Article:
Life of a 19th century writer

1828  Abraham Victor Rydberg is born on december 18 in the provincial city of Jönköping. His father is a prison guard and ex-soldier, his mother a midwife. Two brothers and three sisters.
1834 His mother dies in the cholera epidemic. His father hits the bottle, loses his job and apartment. The family is broken up. Victor is boarded out to various poor households by the authorities ...
1838-47  ... but his talents are recognized, and he is sent to the grammar school where he receives a good education.
1847-51 Works at radical liberal newspapers in Jönköping and Göteborg. Revolutionary hopes of 1848, followed by disappointment. Writes a number of serialized novels in the sensationalist style.
1851-52 University studies in Lund. Leaves without a degree due to lack of money.
1852-55 Supports himself as a private tutor. A platonic love affair with one of his boy students later gives rise to a major controversy in the Swedish History of Literature.
1855 Journalist at the liberal newspaper Göteborgs Handels- och Sjöfartstidning, where he remains for 21 years. Its owner/editor S A Hedlund becomes his closest friend; "together they make the Handelstidningen one of the most influential newspapers in Scandinavia". Rydberg lives in Hedlund's home for many years, becoming almost a member of the family.
1857 His first book is published, an adventure story: The Freebooter of the Baltic.
1857 First version of his "favourite child", the romantic novel Singoalla, published in an obscure literary calendar.
1859 The Last Athenian, his most ambitious novel, and also his last for more than 30 years.
1859 Writes a pamphlet on national defence, which inspires the "Sharpshooter's movement", a voluntary militia of some political importance during the 1860s.
1862 Publishes the theological pamphlet Bibelns lära om Kristus ("Christ According to the Bible"), which denies the Trinity and the divinity of Christ. It makes him famous (and infamous) overnight, and starts a long and bitter fight with the Swedish Church.
1865 The Magic of the Middle Ages, his first book at a major publishing house. >From now on he is an increasingly successful writer in economic terms.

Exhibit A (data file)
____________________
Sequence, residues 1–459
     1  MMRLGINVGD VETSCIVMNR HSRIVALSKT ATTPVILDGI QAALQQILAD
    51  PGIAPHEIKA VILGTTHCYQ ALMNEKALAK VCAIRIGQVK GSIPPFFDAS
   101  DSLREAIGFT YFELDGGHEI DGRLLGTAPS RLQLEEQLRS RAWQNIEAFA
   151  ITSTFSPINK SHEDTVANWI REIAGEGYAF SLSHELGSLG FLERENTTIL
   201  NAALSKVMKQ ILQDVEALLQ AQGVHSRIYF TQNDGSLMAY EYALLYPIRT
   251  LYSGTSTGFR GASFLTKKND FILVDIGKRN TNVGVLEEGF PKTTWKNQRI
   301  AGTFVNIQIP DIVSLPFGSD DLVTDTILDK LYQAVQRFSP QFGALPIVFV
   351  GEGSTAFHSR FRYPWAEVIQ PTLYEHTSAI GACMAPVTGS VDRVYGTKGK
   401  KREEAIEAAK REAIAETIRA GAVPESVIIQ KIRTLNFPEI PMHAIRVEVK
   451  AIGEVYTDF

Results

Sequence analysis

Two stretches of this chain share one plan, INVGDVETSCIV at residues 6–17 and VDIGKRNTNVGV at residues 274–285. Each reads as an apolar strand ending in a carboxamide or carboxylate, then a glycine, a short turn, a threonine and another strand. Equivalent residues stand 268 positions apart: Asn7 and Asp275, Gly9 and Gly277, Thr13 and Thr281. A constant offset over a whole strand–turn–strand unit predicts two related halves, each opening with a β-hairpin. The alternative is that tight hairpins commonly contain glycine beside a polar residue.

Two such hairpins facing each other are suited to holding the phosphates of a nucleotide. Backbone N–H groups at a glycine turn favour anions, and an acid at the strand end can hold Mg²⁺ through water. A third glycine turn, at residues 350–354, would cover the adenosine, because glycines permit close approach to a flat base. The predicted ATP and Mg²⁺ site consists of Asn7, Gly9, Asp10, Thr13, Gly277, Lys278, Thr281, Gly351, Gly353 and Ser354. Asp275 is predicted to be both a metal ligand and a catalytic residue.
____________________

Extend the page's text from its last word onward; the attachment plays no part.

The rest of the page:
1865-68 Long and severe depression, for which the theological struggle and a broken engagement in 1865 have been blamed.
1869 First English translation: The Last Athenian is published in the United States on the initiative of Swedish female-rights pioneer Fredrika Bremer.
1870-72 Member of the Swedish parliament, where he supports the Peasant's party. Actively involved in the emancipation of the jews and in the defence question.
1870 Responsible for the then very controversial pro-German line of the Handelstidningen in the war between Germany and France.
1871 Writes Little Vigg's Christmas Eve, a children's story that will become his most widely spread work, with translations into at least 13 languages.
1872-73 Launches a major campaign to purify the Swedish language from foreign (especially German) influence. Changes the spelling of his forename to Viktor.
1874 Journey to Italy and Rome. "Born anew". Returns full of energy and ideas.
1874-76 Reaches a new and less radical audience with a collection of pious legends - Roman Legends - and a series of essays on classical history and art, later collected in Roman Days.
1875 Completes a much admired translation of Goethe's Faust, which becomes his "passport to the Swedish Parnassus".
1875 Makes his "official" debut as a poet, having previously only published some anonymous poems. Immediate success.
1876 Quits the newspaper for a position as lecturer at a precursor to the University of Göteborg. His subjects are Philosophy and History of culture.
1877 Honorary doctor at the University of Uppsala, then celebrating its 400-year jubilee. Writes the Cantata, epitome of Swedish idealistic poetry.
1877 Elected to the Swedish academy.
1879 Marries Susen Hasselblad (1849-1932), daughter of a rich merchant. The marriage is never consummated.
1880 Starts the study of old Germanic myths that will absorb most of his powers for nearly a decade.
1882 The year of the "modern (i.e. realistic) breakthrough" in Swedish literature. Rydberg (who is not "modern") publishes his collected poems but then enters a long period of literary silence.
1884 Moves to Stockholm, where he has been appointed professor of History of culture.
1884 Refuses to support August Strindberg in a famous blasphemy case. Although they are recognized as the two leading Swedish writers for a long time, Rydberg and Strindberg never speak to each other.
1888 Juror in the trial which sends socialist leader Hjalmar Branting to jail for blasphemy. Rydberg's reputation among radicals suffers accordingly.
1888 His chair at the university is changed to History of Art.
1889 The second and final part of the monumental, and largely ignored, Teutonic Mythology is completed.
1891 Literary comeback with the novel Vapensmeden ("The armourer") and a second collection of poems. Writes "the most powerful piece of political poetry in the Swedish literature", Den nya Grottesången ("The New song of Grotte").
1894 Fourth and final version of Singoalla, with drawings by Carl Larsson.
1895 Dies of diabetes and arteriosclerosis.

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14 dec 1998 / 25 jan 2004